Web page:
But what if they raise a question about Jesus not really dying on the cross. With the Maritime Christian College Disciple Maker Certificate, you can answer this question because you had covered it in your apologetics class. College course do not take away from disciple making but enhance it by preparing you with the foundational answers to God’s working through one family and Jesus being the culmination of His ultimate plan to bring salvation to all people.
When I first asked that question in my teen years about circumcision, I did not know it would lead to a deep and abiding relationship with God and Jesus. One day I was asked to speak at a senior’s college about Christianity. The lady who spoke the week before was Jewish and had shared the week before about Judaism.
During my presentation an elderly lady asked me if I was ever going to talk about Christianity and I looked at all my notes on the black board about Abraham, King David, and Jesus and said, “I have been all this time. The New Testament is based upon the Old Testament. Jesus was Jewish. He brought about salvation for all people by dying as a Jewish sacrifice during a Passover meal.”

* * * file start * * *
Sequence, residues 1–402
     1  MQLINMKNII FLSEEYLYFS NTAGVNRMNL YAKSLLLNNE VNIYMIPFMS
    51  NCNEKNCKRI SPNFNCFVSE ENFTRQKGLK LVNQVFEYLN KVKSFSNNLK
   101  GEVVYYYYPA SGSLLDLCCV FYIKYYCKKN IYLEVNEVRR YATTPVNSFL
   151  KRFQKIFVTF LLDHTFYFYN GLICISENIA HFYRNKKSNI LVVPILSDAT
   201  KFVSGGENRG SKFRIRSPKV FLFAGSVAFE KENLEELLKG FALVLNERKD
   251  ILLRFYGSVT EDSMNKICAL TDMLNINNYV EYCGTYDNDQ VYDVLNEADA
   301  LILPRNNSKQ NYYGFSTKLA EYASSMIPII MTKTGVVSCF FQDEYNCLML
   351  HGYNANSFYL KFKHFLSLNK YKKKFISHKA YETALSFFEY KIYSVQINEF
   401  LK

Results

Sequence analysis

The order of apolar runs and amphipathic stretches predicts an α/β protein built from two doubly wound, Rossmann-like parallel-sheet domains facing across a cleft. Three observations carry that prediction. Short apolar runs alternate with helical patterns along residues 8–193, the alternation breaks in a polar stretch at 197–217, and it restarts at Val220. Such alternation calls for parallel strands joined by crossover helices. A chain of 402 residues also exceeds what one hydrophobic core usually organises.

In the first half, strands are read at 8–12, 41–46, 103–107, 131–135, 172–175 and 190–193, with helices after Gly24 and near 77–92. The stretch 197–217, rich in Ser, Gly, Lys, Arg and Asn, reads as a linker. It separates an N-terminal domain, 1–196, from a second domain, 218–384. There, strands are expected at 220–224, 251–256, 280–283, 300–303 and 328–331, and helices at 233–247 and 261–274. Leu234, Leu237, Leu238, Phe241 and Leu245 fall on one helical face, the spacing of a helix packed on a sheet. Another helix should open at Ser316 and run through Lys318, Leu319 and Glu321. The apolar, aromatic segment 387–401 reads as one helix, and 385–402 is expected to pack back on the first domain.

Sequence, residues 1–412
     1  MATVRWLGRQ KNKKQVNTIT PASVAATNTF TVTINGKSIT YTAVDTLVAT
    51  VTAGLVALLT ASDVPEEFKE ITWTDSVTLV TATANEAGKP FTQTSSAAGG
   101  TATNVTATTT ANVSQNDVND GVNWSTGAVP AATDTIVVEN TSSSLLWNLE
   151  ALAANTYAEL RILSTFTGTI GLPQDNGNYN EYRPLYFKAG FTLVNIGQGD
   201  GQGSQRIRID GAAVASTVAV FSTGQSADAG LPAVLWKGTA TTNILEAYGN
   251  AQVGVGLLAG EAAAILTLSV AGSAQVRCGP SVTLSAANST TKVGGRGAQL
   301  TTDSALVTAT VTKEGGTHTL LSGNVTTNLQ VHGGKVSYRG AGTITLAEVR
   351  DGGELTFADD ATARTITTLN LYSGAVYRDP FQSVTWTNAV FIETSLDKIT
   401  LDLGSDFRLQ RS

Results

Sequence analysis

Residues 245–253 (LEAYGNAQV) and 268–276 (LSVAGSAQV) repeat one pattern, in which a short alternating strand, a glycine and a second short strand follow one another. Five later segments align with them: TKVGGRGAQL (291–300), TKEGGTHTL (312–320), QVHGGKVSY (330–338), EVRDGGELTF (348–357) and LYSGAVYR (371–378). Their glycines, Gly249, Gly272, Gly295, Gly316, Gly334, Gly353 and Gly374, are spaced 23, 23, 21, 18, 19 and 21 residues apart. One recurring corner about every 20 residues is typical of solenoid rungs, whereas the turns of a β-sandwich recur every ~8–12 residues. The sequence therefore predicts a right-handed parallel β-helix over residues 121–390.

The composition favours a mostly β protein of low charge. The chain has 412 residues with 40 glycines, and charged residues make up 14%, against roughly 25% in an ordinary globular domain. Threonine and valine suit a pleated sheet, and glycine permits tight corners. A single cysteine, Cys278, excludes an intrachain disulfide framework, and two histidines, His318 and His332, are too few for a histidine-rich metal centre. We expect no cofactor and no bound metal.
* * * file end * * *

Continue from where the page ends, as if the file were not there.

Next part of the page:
After my presentation the Jewish lady asked me a question about why Miriam was turned leprous but not Aaron. Having considered this question during my own research, I answered, “Aaron was the High Priest, and he would have been disqualified from being the High Priest if God had turned him leprous.” I’m not a Jewish scholar but I could tell my answer impressed her.
I emphasize how it is not necessary to know much to make disciples. You must be willing to share your life with another person. Likewise having a biblical foundation can also give you opportunities to speak with someone whom you never thought you might be speaking to like the Jewish woman at the senior’s college.
Do you want to grow in your spiritual life? Discover how with Maritime Christian College’s Disciple Maker Certificate courses. Click to learn more: https://www.mccpei.com/disciple-maker-certificate.